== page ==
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The emergence of cinema as a medium at the fin de siecle was the result of technological innovations resulted from the Industrial Revolution, but it was also in response to a growing demand from entertainment consumers who were desperate for more exciting alternatives. Developing quickly from its early silent forms with accompanying piano and on-screen narration to increasingly sophisticated "talkies" that changed the way people thought about things, the cinema provided this alternative for millions during the early years of the 20th century by engaging them in ways that previous theatrical productions were incapable of achieving. To identify how early cinema developed during its formative years, this paper provides a review of the relevant literature concerning the development of early cinema, as well as its technology, industry and cultural context. An examination of the concept of the "cinema of attractions" in relation to a perceived need to address the early cinema audience is followed by a summary of the research and important findings in the conclusion.
Review and Discussion
The early history of the cinema took place during a period in history in which a wide range of popular entertainments were emerging. For instance, Barlow cites the development of "puppetry, miniature theatre, and experimental film in earlier kinds of popular entertainment like the cinema of attractions, nineteenth-century toy theatre, magic lantern shows, and cabinets of curiosities" as examples of late 19th century entertainment (2007, p. 22). Due to technological innovations and the demonstrated ability of cinemagraphic productions to attract large numbers of eager customers, it is not surprising that cinema became the most popular of these offerings at the time. The popularity of these offerings, though, was specifically predicated on the willingness of the audience to suspend their sense of reality and accept the version being presented on the screen, at least for as long as it took for the production to conclude. For instance, according to Braudy and Cohen (2004), the development of early cinema included what has been termed by Tom Gunn as the "cinema of attractions" that was characterized by "an aware audience for whom film was an extension of illusionistic theater" (p. 786). The term therefore implies a sense of active participation on the part of audiences in ways that transcended previous media and which compelled people to return time and again for more. In this regard, Braudy and Cohen advise that, "It is an informed amazement at film's power rather than a child's incomprehension that is at work in this 'cinema of attractions,' characteristic of the first decade of early film" (2004, p. 786). As early cinematographers drew of what they knew from thousands of years of theatrical productions in developing their own unique approaches to the emerging medium, one of the common characteristics of early cinema was its ability to provide the same high production values that became accessible to millions of people, making early cinema a cultural and social equalizer of sorts. Instead of being reserved exclusively for the affluent, the same types of elaborate and expensive theatrical productions could be presented in cinemagraphic form and shown over and over again. In this regard, Higson advises that, "The cinema of attractions is concerned with showing. This means in part a pictorial mise-en-scene which puts the decor, the sets, the props, and the costumes on display; but it also means that the story, the drama itself, becomes another of the attractions on display" (p. 91).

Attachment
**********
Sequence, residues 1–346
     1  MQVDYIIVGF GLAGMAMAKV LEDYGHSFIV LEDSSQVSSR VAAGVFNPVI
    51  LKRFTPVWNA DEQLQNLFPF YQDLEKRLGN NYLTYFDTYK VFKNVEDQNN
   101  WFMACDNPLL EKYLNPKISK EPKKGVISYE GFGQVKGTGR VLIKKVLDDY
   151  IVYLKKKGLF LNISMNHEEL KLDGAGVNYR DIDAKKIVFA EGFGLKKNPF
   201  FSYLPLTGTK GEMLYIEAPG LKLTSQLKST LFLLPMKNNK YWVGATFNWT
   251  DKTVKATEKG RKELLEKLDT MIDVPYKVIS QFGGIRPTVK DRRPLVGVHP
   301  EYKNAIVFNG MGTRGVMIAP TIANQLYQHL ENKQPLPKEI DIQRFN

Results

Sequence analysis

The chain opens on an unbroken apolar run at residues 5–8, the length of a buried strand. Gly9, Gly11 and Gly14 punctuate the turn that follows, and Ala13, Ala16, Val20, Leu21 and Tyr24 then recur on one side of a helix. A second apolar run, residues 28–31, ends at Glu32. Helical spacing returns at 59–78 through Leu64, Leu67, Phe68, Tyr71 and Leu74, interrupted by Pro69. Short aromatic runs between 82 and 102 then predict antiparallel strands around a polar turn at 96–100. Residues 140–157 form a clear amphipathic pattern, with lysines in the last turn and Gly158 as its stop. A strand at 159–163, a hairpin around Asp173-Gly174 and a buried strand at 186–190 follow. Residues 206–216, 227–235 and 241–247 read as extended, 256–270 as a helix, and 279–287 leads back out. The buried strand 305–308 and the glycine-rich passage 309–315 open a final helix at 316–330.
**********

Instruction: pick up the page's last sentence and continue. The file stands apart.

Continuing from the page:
Irrespective of the thematic content, though, one of the defining characteristics of the cinema of attractions was the type of camera work that was used. For example, Higson adds that, "Rather than the camera engaging with the story and integrating the spectator into the narrative space through scene dissection, use of close-ups, eyeline matching, and so on, the camera for the main part stands back and observes the characters and their actions from, as it were, a respectful distance. It is as if the pre-given story is being observed by the camera (and by the audience) as it unfolds before it like a stage play" (1997, p. 91). In addition, Higson cites the "recurring look at the camera by the actors, which Gunning sees as another feature of the cinema of attractions" (p. 92). The impact that this new medium had on both its producers…[continue]
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